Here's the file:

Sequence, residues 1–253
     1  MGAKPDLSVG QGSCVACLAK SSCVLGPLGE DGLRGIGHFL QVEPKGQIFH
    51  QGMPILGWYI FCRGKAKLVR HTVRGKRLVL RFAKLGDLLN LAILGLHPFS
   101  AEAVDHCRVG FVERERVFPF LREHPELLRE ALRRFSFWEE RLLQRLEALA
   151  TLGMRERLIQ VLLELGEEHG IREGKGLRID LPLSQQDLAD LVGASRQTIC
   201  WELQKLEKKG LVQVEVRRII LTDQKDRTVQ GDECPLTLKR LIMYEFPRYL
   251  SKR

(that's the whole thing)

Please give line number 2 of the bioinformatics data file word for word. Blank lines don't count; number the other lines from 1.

     1  MGAKPDLSVG QGSCVACLAK SSCVLGPLGE DGLRGIGHFL QVEPKGQIFH